Cognitive Thrift 4 – Motor Ability

In-Sight Publishing

Cognitive Thrift 4 – Motor Ability

Scott Douglas Jacobsen & Rick Rosner

May 9, 2017

[Beginning of recorded material]

Scott Douglas Jacobsen: There’s an aspect to do with motor ability. The degree to which an organism travels. How regular and localized is its general itinerary in addition its kin? And human beings having a very large brain in proportion to their body size and in general, in addition to a deep interconnectivity amongst its parts, more than any other animal travel the farthest, I think, on average as a general principle. You can, for instance, make a counterargument via birds migrating, but, as a rule, I think the bigger the brain the farther the travel.

Rick Rosner: Yea, but birds go from on type of environment to another type of environment. Their environments are nearly as varied as humans, and expanded to cover, or at least can survive in, 70-80% of the world’s land areas When you look at the pressures on humans or the things that allowed humans to develop big brains, you have size. Animals the size of a lemur cannot support a human size brain, but larger primates can support larger brains.

Standing upright, which frees the hands, which means you need more brain power to work your fingers to manipulate things with any kind of dexterity, you need expanded powers of visualization to go along with that ability to manipulate things with your fingers.

None of that explains genetically why you’re able to develop big brains, but it gives bonus drives and pressures to develop big brains, and along with dextrous hands you’ve got the ability to develop tools, which allow you to survive a greater variety of environments.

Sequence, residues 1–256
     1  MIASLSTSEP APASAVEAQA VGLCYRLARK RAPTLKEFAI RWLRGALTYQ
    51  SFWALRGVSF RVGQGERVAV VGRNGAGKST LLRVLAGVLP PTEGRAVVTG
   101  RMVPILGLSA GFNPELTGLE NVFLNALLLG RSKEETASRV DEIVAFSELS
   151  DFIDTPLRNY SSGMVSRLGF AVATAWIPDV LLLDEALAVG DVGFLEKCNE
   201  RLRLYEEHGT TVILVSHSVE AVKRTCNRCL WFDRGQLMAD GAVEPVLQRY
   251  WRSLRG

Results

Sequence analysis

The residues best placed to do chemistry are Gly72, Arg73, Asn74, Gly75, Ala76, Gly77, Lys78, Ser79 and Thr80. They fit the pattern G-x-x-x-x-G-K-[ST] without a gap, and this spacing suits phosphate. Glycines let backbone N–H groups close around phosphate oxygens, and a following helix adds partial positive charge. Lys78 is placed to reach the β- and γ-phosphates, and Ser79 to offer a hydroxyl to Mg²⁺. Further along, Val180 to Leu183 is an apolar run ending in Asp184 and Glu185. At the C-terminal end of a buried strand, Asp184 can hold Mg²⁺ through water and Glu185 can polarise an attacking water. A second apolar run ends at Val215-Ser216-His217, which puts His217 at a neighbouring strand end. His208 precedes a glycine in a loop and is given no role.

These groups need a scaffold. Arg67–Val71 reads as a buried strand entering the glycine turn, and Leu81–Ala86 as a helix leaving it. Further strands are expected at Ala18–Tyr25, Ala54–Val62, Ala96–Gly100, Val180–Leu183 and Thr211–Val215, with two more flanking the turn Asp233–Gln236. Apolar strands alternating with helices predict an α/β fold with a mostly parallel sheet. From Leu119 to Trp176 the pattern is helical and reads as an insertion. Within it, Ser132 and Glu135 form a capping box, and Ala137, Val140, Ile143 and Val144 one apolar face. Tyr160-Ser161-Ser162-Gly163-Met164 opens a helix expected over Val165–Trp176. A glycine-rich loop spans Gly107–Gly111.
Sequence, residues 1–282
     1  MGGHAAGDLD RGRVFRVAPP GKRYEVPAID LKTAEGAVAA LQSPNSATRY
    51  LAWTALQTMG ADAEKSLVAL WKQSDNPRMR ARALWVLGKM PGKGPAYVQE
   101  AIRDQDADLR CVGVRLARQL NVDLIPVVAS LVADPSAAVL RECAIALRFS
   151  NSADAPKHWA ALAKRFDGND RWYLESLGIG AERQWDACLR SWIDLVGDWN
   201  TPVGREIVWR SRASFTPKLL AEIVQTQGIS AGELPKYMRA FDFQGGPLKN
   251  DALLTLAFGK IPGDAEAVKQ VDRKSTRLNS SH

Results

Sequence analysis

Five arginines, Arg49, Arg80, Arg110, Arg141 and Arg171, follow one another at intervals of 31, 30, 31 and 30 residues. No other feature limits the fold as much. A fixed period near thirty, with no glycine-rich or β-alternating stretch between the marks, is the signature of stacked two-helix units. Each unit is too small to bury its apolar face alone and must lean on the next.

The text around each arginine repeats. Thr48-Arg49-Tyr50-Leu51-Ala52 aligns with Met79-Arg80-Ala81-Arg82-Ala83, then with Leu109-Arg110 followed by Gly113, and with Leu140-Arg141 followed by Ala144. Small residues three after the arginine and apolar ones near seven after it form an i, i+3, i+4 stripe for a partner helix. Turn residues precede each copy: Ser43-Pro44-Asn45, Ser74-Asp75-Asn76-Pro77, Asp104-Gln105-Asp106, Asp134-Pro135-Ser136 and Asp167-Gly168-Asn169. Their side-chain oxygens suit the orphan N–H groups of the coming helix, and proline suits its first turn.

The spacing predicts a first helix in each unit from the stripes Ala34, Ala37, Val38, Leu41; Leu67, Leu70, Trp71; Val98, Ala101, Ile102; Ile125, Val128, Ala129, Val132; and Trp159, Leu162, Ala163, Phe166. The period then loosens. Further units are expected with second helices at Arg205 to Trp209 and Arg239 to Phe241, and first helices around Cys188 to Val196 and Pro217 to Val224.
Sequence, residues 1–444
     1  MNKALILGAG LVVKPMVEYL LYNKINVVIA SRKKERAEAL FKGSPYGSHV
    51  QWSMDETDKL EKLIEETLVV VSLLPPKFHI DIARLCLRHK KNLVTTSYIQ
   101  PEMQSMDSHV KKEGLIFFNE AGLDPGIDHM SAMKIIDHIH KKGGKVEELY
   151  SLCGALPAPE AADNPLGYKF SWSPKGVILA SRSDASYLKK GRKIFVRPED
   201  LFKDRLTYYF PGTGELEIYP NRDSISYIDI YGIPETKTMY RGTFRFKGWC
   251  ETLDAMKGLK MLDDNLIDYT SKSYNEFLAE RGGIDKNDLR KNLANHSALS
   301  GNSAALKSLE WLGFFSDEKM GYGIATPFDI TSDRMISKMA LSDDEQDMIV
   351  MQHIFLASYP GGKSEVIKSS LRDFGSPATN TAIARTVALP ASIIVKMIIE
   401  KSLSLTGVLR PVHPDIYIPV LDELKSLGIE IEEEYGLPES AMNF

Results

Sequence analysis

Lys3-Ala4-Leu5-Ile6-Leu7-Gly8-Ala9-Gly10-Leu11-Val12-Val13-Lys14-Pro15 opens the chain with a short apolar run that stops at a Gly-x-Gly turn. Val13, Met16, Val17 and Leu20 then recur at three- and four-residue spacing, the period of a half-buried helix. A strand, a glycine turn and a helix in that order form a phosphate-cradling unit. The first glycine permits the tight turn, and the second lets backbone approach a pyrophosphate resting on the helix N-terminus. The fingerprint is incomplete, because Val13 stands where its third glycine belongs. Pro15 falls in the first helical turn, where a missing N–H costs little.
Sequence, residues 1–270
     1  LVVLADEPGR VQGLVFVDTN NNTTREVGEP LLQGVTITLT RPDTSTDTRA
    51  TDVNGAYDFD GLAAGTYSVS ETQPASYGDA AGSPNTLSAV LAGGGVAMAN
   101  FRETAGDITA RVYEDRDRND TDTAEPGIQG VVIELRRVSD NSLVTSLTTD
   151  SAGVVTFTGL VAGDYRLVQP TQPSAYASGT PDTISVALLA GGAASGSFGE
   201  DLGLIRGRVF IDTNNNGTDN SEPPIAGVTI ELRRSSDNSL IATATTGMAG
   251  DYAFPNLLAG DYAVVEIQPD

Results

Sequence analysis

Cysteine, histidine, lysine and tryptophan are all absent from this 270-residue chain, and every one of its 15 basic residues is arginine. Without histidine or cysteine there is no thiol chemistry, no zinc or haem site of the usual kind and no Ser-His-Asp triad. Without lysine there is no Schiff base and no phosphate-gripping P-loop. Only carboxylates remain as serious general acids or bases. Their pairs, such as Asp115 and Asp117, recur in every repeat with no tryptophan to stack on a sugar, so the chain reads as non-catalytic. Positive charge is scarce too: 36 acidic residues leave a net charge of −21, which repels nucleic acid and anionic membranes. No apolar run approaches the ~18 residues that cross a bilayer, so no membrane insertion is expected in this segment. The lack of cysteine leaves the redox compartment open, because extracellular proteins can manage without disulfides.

Also, we need resources. As predatory mammals, we’re physically untalented. We’re not fast. We’re not particularly strong. So, when you hunt as a hunter-gatherer, we need to communicate to hunt effectively.

[End of recorded material]



Rick Rosner

American Television Writer


Rick Rosner


Scott Douglas Jacobsen

Editor-in-Chief, In-Sight Publishing


In-Sight Publishing


[1] Four format points for the session article:

  1. Bold text following “Scott Douglas Jacobsen:” or “Jacobsen:” is Scott Douglas Jacobsen & non-bold text following “Rick Rosner:” or “Rosner:” is Rick Rosner.
  2. Session article conducted, transcribed, edited, formatted, and published by Scott.
  3. Footnotes & in-text citations in the interview & references after the interview.
  4. This session article has been edited for clarity and readability.

For further information on the formatting guidelines incorporated into this document, please see the following documents:

  1. American Psychological Association. (2010). Citation Guide: APA. Retrieved from
  2. Humble, A. (n.d.). Guide to Transcribing. Retrieved from

License and Copyright

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Based on a work at and


© Scott Douglas Jacobsen, Rick Rosner, and In-Sight Publishing and In-Sight: Independent Interview-Based Journal 2012-2017. Unauthorized use and/or duplication of this material without express and written permission from this site’s author and/or owner is strictly prohibited. Excerpts and links may be used, provided that full and clear credit is given to Scott Douglas Jacobsen, Rick Rosner, and In-Sight Publishing and In-Sight: Independent Interview-Based Journal with appropriate and specific direction to the original content.

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